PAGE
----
Bioethics Blogs

Imminent Threats To Healthcare and Medical Professionalism: We Must Remain Vigilant

In a previous blog
I expressed concerns about the possible direction of politics in our country
and the risks it poses to the larger procedural, democratic framework, which I
take to be essential to the work of contemporary bioethics. Now that the
election is over and a new administration is taking shape, I have many grave concerns
about the fundamentally new policy directions our nation will be taking. None
concern me more than how the planned changes in our healthcare system in the
United States and, if they happen, how our most vulnerable patients will be
affected. This is because a top agenda for them on day one will be to repeal
the Affordable
Care Act
(ACA), which has provided healthcare coverage for about 21 million
more people since its inception in 2009.

The ACA was an imperfect healthcare plan from the start. But
after decades of false starts to reform a system that does not have a close second
in terms of excessive costs and inefficiencies among industrialized nations, especially
in relation to outcomes, in 2009 it was the best option our country had at that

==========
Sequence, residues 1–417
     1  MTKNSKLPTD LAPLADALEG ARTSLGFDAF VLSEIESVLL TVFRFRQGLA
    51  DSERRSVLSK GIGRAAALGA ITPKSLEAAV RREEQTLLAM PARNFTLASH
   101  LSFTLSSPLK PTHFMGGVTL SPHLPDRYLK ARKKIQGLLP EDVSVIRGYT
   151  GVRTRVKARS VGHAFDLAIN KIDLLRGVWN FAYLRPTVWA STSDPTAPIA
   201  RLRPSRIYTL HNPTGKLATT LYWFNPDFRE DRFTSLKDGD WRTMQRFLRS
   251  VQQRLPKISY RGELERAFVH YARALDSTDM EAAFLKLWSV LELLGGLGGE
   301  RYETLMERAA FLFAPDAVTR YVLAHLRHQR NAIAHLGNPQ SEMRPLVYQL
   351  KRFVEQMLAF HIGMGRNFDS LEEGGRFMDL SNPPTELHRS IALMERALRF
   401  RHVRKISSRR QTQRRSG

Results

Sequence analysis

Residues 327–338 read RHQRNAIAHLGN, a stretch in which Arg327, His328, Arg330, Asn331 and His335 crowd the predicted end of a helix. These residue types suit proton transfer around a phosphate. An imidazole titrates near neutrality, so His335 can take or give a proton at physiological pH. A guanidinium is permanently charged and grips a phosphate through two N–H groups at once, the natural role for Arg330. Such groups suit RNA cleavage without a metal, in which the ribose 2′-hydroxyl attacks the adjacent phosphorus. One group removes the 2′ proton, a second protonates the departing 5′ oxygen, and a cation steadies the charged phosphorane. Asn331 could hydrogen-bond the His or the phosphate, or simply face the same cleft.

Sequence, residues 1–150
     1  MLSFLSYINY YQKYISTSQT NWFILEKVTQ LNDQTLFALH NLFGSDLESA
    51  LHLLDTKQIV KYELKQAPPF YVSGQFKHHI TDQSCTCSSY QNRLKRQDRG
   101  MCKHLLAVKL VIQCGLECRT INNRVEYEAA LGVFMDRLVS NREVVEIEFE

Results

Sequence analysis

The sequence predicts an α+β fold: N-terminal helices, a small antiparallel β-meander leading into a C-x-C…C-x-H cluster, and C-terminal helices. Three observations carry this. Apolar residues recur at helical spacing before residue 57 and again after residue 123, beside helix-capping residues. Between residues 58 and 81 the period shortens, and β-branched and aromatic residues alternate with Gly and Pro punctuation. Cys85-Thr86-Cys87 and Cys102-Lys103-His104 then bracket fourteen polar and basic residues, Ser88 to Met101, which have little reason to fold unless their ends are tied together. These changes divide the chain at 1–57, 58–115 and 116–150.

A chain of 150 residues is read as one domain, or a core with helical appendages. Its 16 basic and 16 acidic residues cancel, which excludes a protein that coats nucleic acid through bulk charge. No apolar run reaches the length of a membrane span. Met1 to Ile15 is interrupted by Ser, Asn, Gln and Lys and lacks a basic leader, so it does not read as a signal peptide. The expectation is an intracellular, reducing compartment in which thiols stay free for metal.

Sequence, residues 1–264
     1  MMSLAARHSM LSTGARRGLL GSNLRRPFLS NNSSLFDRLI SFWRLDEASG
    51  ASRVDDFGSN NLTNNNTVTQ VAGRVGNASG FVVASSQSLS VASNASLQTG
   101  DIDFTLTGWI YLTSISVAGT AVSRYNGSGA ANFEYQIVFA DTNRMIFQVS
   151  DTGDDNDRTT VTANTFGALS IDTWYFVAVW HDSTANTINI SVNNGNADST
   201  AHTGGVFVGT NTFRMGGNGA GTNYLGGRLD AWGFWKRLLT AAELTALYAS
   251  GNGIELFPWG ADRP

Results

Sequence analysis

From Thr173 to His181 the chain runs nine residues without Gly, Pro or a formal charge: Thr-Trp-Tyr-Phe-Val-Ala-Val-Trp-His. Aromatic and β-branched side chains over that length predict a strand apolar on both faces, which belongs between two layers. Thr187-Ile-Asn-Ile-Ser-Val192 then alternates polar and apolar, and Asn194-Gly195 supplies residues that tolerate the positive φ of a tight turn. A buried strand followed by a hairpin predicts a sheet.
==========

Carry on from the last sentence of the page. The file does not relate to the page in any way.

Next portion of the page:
time. In spite of some problems in its implementation, due largely to lack of
cooperation and critics setting up obstacles, the ACA has become entrenched
into our healthcare system. If it is repealed, there will be widespread
suffering and chaos. Just recently
the nations’ hospital industry “…warned President-elect Donald Trump and
congressional leaders on Tuesday that repealing the Affordable Care Act could
cost hospitals $165 billion by the middle of the next decade and trigger “an
unprecedented public health crisis.”

 The eagerness of the new administration to gut the ACA was
affirmed by the appointment of Tom Price, Representative from Georgia who has
been a ferocious and over the top critic of this law from its inception.

The views, opinions and positions expressed by these authors and blogs are theirs and do not necessarily represent that of the Bioethics Research Library and Kennedy Institute of Ethics or Georgetown University.